Toyohara Kunichika (1835-1900) Flowers of Edo: A Series of Chivalrous Men (Edo no hana Isami zoroi): Ichikawa Kodanji IV, 1865. Oban.
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The phrase "flowers of edo" (edo no hana) was an ironic and popular saying in the eighteenth and nineteenth century to describe the devastating fires that ravaged Edo (Tokyo) with horrifying frequency. The phrase spread further than the allusions to the great fires and the prevalence of flowering trees. It became common to refer to both ukiyo-e artists and kabuki actors as the "Flowers of Edo". This of course leads to immense confusion with the distance of time. In this print, which is almost a companion of the Kunisada print that precedes it, and made only two years later, Kunichika shows the actor Ichikawa Kodanji IV dressed as an Otokodate. The Otokodate was a kind of chivalrous gang member; a cross between the dandy of nineteenth century Europe and a Robin Hood figure… an outlaw with a heart. They were hugely popular, although feared, members of Edo society and formed a great deal of the revered and essential town fire brigades.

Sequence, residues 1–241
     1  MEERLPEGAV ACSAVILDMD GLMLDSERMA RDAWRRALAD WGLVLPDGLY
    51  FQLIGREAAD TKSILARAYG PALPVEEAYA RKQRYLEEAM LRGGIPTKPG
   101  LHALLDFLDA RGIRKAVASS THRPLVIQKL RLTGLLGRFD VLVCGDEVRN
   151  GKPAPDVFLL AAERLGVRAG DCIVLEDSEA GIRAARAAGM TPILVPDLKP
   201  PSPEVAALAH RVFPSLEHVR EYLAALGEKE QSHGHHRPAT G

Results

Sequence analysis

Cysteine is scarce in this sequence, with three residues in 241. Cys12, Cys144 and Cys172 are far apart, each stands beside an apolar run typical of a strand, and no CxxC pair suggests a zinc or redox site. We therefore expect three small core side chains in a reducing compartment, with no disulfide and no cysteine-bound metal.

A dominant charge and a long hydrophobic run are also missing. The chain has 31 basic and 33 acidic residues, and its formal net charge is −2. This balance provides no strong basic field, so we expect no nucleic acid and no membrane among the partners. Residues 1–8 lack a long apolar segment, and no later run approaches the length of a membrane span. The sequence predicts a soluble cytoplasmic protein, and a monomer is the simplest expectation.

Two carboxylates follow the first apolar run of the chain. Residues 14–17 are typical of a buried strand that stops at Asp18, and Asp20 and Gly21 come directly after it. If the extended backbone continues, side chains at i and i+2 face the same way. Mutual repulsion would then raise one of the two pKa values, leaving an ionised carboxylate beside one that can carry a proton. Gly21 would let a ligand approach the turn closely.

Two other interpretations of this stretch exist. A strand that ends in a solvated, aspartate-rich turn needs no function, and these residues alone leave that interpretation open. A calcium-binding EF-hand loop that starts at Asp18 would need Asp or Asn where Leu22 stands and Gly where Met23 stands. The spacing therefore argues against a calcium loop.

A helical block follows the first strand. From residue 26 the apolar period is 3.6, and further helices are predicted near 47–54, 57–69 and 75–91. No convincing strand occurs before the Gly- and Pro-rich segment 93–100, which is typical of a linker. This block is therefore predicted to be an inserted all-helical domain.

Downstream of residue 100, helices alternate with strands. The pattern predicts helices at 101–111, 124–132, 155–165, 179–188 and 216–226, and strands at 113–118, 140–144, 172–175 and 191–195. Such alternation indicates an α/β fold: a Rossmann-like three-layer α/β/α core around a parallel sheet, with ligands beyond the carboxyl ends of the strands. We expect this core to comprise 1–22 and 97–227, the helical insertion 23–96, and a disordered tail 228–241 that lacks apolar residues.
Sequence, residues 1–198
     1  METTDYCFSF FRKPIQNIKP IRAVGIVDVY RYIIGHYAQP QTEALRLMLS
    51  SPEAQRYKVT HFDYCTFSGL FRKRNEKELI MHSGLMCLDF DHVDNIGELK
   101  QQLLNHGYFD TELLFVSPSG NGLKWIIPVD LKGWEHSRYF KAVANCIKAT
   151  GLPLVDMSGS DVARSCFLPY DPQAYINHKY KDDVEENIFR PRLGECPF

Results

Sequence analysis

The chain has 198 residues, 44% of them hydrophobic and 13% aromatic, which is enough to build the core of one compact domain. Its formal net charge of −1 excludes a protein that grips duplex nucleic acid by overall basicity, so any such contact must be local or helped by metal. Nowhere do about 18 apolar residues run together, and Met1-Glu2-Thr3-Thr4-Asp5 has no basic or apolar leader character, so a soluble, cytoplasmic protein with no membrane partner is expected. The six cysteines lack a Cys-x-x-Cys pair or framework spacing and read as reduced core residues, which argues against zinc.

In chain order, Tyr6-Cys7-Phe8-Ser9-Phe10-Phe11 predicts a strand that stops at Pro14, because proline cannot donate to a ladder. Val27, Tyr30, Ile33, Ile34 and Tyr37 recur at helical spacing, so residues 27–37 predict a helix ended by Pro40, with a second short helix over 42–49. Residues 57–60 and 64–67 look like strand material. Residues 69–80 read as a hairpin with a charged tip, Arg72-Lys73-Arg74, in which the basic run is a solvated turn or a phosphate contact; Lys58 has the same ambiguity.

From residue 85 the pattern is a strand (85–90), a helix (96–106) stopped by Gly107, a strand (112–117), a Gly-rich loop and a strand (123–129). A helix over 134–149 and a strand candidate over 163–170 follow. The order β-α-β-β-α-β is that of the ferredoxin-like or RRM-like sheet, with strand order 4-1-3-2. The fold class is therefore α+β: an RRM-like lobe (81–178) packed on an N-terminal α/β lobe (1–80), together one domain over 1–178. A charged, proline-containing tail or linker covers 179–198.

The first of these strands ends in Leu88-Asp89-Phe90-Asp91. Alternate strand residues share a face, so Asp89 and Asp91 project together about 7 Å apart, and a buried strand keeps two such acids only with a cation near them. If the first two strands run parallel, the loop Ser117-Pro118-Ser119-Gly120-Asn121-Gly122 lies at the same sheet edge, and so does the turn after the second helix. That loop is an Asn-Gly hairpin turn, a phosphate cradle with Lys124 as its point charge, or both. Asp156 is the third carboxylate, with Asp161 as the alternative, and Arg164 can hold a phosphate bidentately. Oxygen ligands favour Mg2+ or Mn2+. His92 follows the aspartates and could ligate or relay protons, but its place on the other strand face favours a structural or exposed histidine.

Their popularity led to these characters being portrayed in kabuki plays and emulated by actors and other bohemians. This print is from a series of ten prints that all show the leading actors of the time dressed in this outlaw chic of neckerchief, shaved pate, muscly tattoos and in this case, a threatening toothpick! It’s a great print this, bold and joyously drawn, a rare tattoo print from pretty much the dawn of the period of full arm or torso tattoos.
The piece is in very good condition and it is a fine impression with great, unfaded colour.
Published by Shimizya.
37 x 25 cm.